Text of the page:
US-built PSV joins SEACOR Marine fleet
Houston-based SEACOR Marine has been carefully modernising its fleet, most recently adding eight new platform supply vessels (PSVs) – six of which use battery systems – through its acquisition of COSCO Shipping Group’s 50% of the equity interests in SEACOSCO.
Another notable PSV joining SEACOR Marine’s fleet in 2020 is the US-flag SEACOR Mixteca, built by Master Boat Builders, Bayou La Batre, Alabama. Part of a series, SEACOR Mixteca is dynamic positioning class 2 capable, with a GE Seastream DPS-2 system. With an overall length of 67.4 m, beam of 14.6 m, depth of 5.5 m and light draught of 1.91 m, SEACOR Mixteca has a clear deck area of 560.7 m2.
Propulsion power is supplied by two Cat 3512-C diesel engines, rated at 1,911 hp at 1,600 rpm.
For manoeuvrability, SEACOR Mixteca is equipped with two 800-hp Schottel STT 2 FP bow thrusters and two 350-hp Schottel STT 170 fixed-pitch stern thrusters.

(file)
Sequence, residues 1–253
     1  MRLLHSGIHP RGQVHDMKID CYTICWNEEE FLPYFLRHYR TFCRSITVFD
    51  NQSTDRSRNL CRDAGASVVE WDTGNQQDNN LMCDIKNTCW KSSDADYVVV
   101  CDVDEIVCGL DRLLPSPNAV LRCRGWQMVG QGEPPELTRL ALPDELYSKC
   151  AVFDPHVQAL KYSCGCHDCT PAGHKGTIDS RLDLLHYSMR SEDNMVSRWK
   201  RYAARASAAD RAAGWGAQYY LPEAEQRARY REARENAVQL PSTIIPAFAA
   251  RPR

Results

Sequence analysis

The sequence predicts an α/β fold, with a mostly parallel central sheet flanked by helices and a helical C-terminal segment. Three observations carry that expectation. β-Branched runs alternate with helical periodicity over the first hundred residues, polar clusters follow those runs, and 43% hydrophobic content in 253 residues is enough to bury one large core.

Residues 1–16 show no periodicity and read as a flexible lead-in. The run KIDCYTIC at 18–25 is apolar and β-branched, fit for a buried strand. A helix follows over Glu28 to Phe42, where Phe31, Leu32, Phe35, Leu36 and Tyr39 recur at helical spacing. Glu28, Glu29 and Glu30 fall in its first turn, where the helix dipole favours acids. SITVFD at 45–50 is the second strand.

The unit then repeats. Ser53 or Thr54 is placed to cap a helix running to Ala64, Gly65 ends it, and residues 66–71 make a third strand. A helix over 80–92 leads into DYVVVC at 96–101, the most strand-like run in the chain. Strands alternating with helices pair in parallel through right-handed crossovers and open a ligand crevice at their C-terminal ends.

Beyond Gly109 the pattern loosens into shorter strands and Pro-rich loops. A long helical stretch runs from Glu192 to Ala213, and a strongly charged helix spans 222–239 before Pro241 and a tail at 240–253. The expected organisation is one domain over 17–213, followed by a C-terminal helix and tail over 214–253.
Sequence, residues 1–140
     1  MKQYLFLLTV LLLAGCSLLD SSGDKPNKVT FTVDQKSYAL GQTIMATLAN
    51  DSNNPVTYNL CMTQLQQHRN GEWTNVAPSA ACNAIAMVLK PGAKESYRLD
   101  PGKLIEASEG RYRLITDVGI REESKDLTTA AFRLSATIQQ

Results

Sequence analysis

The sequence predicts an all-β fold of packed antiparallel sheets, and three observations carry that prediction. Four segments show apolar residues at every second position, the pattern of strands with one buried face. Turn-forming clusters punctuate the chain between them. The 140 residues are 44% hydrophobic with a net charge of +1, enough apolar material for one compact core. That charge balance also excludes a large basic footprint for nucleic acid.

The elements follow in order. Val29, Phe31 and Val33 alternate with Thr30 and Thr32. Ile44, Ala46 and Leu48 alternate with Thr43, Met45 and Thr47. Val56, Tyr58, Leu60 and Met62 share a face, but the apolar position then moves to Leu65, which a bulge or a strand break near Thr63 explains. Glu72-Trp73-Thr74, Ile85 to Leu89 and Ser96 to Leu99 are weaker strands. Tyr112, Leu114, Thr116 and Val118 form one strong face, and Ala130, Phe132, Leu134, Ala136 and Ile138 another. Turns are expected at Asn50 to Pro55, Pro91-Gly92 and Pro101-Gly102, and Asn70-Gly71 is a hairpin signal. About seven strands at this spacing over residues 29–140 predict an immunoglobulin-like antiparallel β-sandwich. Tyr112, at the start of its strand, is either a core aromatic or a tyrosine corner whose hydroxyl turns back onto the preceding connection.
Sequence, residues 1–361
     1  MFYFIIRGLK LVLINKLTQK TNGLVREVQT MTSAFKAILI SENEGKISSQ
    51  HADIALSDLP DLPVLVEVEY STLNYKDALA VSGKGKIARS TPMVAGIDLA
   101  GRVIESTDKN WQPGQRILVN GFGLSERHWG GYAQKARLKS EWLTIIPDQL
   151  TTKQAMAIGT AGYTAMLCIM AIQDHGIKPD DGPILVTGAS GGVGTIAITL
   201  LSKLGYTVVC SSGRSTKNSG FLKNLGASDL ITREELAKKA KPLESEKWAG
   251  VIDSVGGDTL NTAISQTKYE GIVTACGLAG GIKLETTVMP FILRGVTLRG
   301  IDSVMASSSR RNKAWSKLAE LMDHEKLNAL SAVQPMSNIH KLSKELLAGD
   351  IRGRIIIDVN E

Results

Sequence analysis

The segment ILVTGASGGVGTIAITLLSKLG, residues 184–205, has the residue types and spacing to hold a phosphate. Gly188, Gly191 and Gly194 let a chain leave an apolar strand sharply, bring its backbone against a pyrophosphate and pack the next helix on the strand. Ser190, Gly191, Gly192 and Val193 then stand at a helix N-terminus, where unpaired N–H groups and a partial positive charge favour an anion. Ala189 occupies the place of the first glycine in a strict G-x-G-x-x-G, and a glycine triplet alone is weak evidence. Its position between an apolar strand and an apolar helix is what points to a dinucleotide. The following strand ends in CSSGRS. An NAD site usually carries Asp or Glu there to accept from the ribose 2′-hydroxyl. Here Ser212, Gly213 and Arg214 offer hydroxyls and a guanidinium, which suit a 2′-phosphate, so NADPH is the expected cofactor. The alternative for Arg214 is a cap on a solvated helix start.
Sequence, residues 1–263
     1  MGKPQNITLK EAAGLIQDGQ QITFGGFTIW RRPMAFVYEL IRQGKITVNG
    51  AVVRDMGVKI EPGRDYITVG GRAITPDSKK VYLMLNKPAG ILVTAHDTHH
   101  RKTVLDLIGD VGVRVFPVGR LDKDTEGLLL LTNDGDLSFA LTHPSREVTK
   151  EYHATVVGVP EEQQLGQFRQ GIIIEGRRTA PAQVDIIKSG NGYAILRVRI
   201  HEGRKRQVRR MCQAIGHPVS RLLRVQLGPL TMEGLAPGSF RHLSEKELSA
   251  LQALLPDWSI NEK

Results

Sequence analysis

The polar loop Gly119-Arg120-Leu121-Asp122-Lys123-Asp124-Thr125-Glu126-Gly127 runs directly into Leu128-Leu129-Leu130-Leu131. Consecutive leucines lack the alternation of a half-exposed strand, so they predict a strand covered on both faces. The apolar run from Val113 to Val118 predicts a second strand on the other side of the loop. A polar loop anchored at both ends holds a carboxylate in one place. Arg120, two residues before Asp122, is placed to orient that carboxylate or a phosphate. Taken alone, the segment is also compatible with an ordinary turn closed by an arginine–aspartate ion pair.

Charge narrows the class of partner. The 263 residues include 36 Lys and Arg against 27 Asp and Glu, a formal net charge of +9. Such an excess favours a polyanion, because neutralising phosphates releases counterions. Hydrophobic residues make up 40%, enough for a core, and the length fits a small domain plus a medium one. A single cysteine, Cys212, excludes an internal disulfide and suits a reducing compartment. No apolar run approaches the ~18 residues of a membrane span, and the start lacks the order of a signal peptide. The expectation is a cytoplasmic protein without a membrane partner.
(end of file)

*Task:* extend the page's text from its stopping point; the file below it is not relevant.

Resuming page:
With a FI FI class 1 notation, SEACOR Mixteca has significant fire-fighting capabilities, with fire monitors and a deluge system.
Aberdeen-based Sentinel Marine took delivery of multi-purpose emergency response and rescue vessel (ERRV) Malin Sentinel in August. Built by Cosco Shipyard in Dalian, China, Malin Sentinel completes Sentinel Marine’s second phase of its newbuilding programme. Each purpose-built vessel feature Tier 4 Cat engines to reduce emissions and greenhouse gases to near zero. The firm also has three further vessels to be delivered from phase three of its newbuild programme.